Quickly turn on/off background services with Brew Service Menubar

Published on 08 May 2016

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I built myself a menu bar app for OS X to let you quickly turn off background services such as MySQL.

You can download the app here.


Working as a front-end developer on a bunch of different projects means I've accumulated a load of different background services. From MySQL, Postgres, Redis and Elastic Search for Rails projects to RabbitMQ and Mosquitto for IoT and networked applications.

I'm wary of having loads of background services always running when I'm not using them but it's also annoying to have to remember the command line invocation to start each one. I came across homebrew-services, a small tool that can start and stop these services for you as well as listing the state of each service homebrew knows about.

brew services list

I thought it would be useful to have a list of these tools in a more obvious place so I wouldn't forget about turning them on/off and thought the menu bar would be ideal.

An afternoon's tinkering later and the imaginatively titled brew services menubar app does just that. It calls out to homebrew-services to get the list and state of each services. A tick means the service is running. Clicking the service name will start or stop it.

Clicking the menubar lists all services. Clicking an item will toggle from not running (no tick) to running (tick)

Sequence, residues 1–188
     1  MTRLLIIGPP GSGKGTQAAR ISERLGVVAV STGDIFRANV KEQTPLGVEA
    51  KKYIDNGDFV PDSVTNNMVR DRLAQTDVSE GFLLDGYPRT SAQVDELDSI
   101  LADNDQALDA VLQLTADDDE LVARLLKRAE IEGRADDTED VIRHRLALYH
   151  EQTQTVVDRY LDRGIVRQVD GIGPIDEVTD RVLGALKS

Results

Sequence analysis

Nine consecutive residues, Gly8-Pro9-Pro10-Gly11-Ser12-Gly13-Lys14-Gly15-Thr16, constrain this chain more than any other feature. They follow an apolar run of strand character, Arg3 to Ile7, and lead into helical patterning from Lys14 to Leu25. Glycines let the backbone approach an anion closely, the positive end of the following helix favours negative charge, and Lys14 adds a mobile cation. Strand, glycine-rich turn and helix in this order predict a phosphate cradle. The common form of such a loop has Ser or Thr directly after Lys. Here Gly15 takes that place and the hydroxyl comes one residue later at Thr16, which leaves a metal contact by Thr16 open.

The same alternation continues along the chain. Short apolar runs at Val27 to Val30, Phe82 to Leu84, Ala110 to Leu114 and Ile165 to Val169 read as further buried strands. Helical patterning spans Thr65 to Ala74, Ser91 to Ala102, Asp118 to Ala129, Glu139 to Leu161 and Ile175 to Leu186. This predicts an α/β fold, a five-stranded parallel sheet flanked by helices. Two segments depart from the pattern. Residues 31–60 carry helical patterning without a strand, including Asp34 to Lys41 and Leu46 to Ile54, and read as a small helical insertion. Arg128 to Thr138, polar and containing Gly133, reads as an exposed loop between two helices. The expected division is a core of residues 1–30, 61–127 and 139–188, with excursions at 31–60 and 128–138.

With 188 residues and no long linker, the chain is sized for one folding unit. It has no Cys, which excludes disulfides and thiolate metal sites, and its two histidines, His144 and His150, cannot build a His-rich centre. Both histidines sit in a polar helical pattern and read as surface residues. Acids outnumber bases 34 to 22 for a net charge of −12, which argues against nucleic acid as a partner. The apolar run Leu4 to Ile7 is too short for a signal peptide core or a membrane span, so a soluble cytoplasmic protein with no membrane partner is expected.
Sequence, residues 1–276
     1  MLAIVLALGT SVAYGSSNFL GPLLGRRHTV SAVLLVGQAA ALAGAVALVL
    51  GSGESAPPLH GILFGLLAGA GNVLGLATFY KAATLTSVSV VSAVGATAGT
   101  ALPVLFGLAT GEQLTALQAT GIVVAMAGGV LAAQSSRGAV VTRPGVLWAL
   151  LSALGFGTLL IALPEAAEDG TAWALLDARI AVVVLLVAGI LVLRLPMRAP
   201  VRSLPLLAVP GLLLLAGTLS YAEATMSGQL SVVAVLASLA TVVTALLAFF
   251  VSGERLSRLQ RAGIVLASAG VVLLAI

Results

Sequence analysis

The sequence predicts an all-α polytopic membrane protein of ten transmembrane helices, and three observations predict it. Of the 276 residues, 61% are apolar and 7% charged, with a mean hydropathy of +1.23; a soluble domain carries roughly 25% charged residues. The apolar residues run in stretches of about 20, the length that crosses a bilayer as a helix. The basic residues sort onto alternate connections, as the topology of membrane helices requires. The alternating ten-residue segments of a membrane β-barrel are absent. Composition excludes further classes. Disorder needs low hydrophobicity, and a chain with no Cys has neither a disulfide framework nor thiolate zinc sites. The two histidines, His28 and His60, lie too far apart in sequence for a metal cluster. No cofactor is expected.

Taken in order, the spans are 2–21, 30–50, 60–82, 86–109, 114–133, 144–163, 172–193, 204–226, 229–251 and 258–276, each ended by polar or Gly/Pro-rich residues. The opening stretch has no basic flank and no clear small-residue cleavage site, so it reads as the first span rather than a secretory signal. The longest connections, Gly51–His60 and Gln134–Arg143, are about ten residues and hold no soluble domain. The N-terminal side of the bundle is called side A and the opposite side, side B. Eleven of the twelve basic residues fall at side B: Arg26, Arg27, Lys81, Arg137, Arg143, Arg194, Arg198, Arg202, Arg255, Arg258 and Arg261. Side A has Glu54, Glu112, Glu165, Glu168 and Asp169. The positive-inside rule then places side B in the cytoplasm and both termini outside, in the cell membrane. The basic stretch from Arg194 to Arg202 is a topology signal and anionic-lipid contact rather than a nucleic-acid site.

brew services list

How it was built

Menubars on OS X are native applications so I used XCode and Swift to write the app. There are loads of tutorials online that talk you through building examples. I found this video especially helpful (and also this and this).

The Apple documentation is very clear so it's easy to find what methods created menu items and cleared the menu. I found Swift's syntax easy to get to grips with, much more so than trying to build small iOS apps in Objective-C in the past and getting very confused.

The most complicated thing was parsing the output from homebew-services list to get the list of services and their current state. In the end I used Regexs and this code on Stack Overflow to do it since they're not native to Swift. Usually when parsing text in JavaScript I use Scriptular to interactively see what is being matched. Swift's Playgrounds were similarly helpful since I could paste examples into the Playground and see what worked and didn't.

Download it

You can download a compiled version of the app or get the source code on gihub.